It – international law – stands in deep need of shelter by powerful states through their politics.  But protection from what, exactly?  From threatening political winds from outside it?  Yes, certainly.  But not just that – it also needs protection from itself.  Left to its own devices, the “society” of international law, such as it is, believes its own press releases, communiqués, court opinions, and views of publicists, and so threatens to drive itself off a cliff.  International law unchecked tends toward uncontrollable positive feedback cycles, driven these days by its “values” mechanisms, whipped forward by the human rights community, itself driven forward by an uncontrollable positive feedback mechanism of self-reinforcing religious belief, on the one hand, and utter instrumentalizing of international law to those religious ends, on the other.  ICL is the strongest institutional expression of the tendency in international law to enter a positive feedback loop, because its very existence is so much a function of moralism.  The function of powerful liberal states such as the United States has traditionally been both to support the category, but simultaneously to check the tendency to inner self-immolation through the imposition of a realist politics from without.  This article, so far as I am concerned, stands firmly within that tradition.  It is an expression of traditional American embrace and yet also cautionary political protection of international law.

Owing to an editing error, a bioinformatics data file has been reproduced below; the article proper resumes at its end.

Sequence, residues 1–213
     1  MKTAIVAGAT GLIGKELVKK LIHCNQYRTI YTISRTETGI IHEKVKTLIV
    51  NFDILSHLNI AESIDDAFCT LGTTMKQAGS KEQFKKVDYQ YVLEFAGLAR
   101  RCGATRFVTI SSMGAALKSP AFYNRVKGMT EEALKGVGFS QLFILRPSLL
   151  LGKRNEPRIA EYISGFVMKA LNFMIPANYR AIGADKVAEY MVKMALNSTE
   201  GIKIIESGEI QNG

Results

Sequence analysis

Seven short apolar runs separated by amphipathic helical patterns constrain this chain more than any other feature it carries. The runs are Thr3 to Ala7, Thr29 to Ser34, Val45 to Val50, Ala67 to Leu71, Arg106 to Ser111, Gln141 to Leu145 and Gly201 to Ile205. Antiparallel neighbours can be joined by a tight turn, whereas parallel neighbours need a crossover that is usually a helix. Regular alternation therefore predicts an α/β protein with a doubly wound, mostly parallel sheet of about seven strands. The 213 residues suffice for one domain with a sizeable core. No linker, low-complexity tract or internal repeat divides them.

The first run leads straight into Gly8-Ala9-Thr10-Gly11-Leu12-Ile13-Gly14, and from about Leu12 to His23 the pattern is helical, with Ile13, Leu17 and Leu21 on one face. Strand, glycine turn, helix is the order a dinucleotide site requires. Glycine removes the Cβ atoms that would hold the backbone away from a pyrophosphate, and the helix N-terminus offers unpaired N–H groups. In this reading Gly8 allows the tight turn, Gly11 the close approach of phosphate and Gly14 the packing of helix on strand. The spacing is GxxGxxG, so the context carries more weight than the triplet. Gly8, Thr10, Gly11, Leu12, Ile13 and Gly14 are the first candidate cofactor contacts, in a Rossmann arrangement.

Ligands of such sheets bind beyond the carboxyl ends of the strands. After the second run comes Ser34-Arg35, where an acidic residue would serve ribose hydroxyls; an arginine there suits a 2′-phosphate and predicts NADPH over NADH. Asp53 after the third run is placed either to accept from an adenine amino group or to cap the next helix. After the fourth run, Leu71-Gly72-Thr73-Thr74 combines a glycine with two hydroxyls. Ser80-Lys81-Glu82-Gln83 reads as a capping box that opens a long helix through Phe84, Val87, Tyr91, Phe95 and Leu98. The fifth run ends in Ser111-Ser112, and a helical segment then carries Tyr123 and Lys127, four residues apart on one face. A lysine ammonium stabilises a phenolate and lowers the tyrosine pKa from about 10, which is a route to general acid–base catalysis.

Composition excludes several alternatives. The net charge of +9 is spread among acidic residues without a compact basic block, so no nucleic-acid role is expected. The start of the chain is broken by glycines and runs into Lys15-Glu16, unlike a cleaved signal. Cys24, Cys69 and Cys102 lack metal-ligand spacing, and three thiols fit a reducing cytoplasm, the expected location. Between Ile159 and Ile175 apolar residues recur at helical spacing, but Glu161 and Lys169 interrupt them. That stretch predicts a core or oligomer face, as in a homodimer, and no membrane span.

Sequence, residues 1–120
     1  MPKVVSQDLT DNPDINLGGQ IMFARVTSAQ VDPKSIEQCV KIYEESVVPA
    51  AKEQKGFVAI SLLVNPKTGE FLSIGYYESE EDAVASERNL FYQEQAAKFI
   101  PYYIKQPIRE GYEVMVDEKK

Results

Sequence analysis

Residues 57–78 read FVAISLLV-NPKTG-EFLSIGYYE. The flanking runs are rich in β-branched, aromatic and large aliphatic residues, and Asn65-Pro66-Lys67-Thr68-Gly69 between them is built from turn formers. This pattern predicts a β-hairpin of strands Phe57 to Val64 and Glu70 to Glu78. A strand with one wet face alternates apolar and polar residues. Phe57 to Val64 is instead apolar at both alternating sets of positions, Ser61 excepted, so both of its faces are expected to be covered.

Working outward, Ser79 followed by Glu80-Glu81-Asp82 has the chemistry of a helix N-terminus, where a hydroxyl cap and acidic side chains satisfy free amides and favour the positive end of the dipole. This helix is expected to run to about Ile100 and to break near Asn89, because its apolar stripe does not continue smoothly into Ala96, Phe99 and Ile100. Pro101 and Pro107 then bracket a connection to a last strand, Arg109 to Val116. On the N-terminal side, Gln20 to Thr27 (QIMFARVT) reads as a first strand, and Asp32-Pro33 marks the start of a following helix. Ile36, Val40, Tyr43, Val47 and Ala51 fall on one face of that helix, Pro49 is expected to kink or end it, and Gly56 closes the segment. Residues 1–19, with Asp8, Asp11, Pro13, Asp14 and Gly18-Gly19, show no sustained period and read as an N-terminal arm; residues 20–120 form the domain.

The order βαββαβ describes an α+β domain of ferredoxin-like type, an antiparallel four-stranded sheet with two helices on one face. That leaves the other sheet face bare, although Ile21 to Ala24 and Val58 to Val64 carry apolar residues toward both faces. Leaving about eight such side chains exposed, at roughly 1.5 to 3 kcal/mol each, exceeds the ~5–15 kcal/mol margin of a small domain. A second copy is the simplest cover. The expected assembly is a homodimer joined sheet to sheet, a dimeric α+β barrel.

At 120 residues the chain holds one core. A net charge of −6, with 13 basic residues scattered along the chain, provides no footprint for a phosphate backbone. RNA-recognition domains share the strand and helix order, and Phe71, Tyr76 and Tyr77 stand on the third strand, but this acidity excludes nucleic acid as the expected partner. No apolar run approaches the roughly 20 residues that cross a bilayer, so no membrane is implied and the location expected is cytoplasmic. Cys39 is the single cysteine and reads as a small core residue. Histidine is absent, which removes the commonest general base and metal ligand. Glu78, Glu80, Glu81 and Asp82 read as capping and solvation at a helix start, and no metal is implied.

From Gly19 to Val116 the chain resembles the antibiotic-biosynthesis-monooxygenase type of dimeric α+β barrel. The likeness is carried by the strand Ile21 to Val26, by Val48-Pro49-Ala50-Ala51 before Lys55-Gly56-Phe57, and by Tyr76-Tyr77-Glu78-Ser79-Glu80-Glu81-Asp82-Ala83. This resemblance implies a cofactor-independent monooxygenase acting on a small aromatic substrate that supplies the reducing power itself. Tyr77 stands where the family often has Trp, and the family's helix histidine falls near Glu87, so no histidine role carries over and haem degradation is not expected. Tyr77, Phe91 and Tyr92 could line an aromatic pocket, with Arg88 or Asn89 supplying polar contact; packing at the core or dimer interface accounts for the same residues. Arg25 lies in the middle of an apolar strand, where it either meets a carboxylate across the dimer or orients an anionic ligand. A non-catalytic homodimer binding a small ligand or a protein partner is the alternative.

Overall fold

Roth offers the most exquisitely careful and sympathetic reading any work of mine has received in years.  Yet in relation to this article, I am the voice of center-right-pragmatism, and he is a deep radical of a particular strand of the Left.  I say this with open-mouthed admiration, though not precisely agreement.  I would not mind on this particular matter being of the strong American right – I am an admirer of John Bolton as well as admirer of Brad Roth, after all – but I don’t think this particular article is that.  Our views do touch, as Roth says, but I don’t think that mine in this instance are of the radical right.  Or, perhaps more exactly, Roth is willing to carry through to conclusions as to where this critique might ultimately goes that I am not willing here, in this article at least, to embrace.  He is remarkably unflinching as to where the project of international justice, partiality and impartiality, would have to go – particularly judging by his latest, genuinely startling article.